Because of that theme it makes Jazz needing rescue and even Jazz being so vulnerable and even traumatised in this book something that fits. This isn’t a classic super-damsel being knocked off her perch, this is a character trying to handle everything and not being able to – this is a character who has other strong people around her and doesn’t need to take it all on herself.

The plot itself is primarily there to show all this and has some elements of “monster of the week” when it’s not dealing with the huge issues that have been ongoing and needed addressing. This isn’t a bad thing, it helped clean up some of the meta while still giving a story that was frightening, exciting, very well paced, very personal and with some truly awesome fight scenes and an extremely dangerous enemy. And the danger was always apparent and epicly portrayed. It does touch a lot on Jazz’s own story as well, her own history to make it very personal to her as well, and take the danger beyond the physical.

There’s a lot of excellent character growth as well – from personal histories, to little relationship dramas, to whole new powers unfolding to surprising characters playing Counter Strike – there’s something real about these characters. They don’t just exist when the plot needs them to, they have lives, they have families, they have loved ones, they have hobbies. Actual hobbies.

I’m trying to avoid spoilers, but we do have the vexing trope of having a disabled character and then magically curing him with woo-woo. It’s annoying that we can’t just have to be a disabled character – disability is a brief blip in the life of able bodied characters, discarded when it becomes more useful for them to be able bodied again.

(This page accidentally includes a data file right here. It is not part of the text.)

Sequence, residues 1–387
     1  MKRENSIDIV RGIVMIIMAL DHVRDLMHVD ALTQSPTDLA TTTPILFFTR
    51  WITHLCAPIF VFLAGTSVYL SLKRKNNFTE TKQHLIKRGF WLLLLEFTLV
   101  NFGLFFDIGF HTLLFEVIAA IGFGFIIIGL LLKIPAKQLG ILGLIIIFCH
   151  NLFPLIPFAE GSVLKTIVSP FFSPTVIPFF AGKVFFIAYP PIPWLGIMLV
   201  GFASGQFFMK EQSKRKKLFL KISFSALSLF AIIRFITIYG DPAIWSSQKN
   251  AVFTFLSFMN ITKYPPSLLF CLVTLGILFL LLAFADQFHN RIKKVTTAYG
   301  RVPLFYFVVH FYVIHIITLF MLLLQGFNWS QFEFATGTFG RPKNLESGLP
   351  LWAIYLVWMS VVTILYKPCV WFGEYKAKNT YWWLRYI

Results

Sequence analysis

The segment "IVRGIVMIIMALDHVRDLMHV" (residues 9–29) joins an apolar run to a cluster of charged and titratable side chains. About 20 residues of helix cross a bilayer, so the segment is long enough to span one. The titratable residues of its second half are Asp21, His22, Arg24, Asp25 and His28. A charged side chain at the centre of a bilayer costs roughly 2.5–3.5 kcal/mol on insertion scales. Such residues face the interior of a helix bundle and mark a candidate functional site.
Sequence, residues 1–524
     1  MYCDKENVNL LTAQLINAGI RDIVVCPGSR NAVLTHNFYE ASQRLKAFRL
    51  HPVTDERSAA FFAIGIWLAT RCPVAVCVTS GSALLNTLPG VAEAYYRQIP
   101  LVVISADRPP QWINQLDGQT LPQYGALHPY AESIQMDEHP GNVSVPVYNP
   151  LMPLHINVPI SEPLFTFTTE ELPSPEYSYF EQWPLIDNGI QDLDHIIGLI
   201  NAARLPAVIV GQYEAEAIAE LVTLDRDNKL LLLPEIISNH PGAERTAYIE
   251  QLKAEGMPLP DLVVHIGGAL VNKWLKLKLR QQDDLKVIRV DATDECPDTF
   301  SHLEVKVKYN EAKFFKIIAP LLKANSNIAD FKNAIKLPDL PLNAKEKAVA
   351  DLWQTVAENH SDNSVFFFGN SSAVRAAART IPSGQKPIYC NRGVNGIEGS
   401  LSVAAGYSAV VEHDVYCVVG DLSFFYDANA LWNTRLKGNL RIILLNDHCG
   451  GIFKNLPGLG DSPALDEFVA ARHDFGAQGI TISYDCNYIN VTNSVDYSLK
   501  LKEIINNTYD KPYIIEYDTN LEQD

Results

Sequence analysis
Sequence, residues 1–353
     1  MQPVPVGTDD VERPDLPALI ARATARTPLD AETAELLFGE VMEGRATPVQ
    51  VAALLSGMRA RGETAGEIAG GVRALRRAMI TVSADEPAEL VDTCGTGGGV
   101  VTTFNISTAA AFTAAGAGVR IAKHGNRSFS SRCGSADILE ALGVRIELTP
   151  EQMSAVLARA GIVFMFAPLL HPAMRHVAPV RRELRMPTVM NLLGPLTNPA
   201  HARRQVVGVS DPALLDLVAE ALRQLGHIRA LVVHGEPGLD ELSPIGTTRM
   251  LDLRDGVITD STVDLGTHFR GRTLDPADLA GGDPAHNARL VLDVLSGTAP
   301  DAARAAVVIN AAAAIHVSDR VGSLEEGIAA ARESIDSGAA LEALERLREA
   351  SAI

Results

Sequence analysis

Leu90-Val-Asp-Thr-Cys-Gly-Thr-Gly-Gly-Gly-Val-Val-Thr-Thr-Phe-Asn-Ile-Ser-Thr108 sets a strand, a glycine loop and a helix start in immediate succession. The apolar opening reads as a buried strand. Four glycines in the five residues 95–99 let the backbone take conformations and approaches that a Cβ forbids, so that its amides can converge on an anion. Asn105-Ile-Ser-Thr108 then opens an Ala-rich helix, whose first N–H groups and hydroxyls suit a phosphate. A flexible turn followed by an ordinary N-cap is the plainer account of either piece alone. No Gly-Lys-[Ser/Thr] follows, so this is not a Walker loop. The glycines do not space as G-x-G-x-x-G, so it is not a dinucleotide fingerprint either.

Frankly, I still can’t see Logan as a love interest. I think in part it’s because his rather terrible written Cajun accent, I just can’t connect with him. Even now I have to look up his name because I can’t remember it.

Diversity-wise this book is excellent. Jazz is Asian, other major characters and friends of hers and contacts are Black, Asian, Native American and Latino; honestly in many books I would list the minority characters and look at any tropes that apply individually but there are so many in Jazz’s life and this series as to render that impractical. We do have a lot of cultural woo-woo applied to some but far from all – and every character has some woo-woo. Two of Jazz’s friends are also bisexual women and in a relationship that is still going strong and is very real. The cast around Jazz is just full of excellent diversity that I really appreciate.

There’s a whole lot of awesome in this book. And on top of all this, I love Loki the pet cat.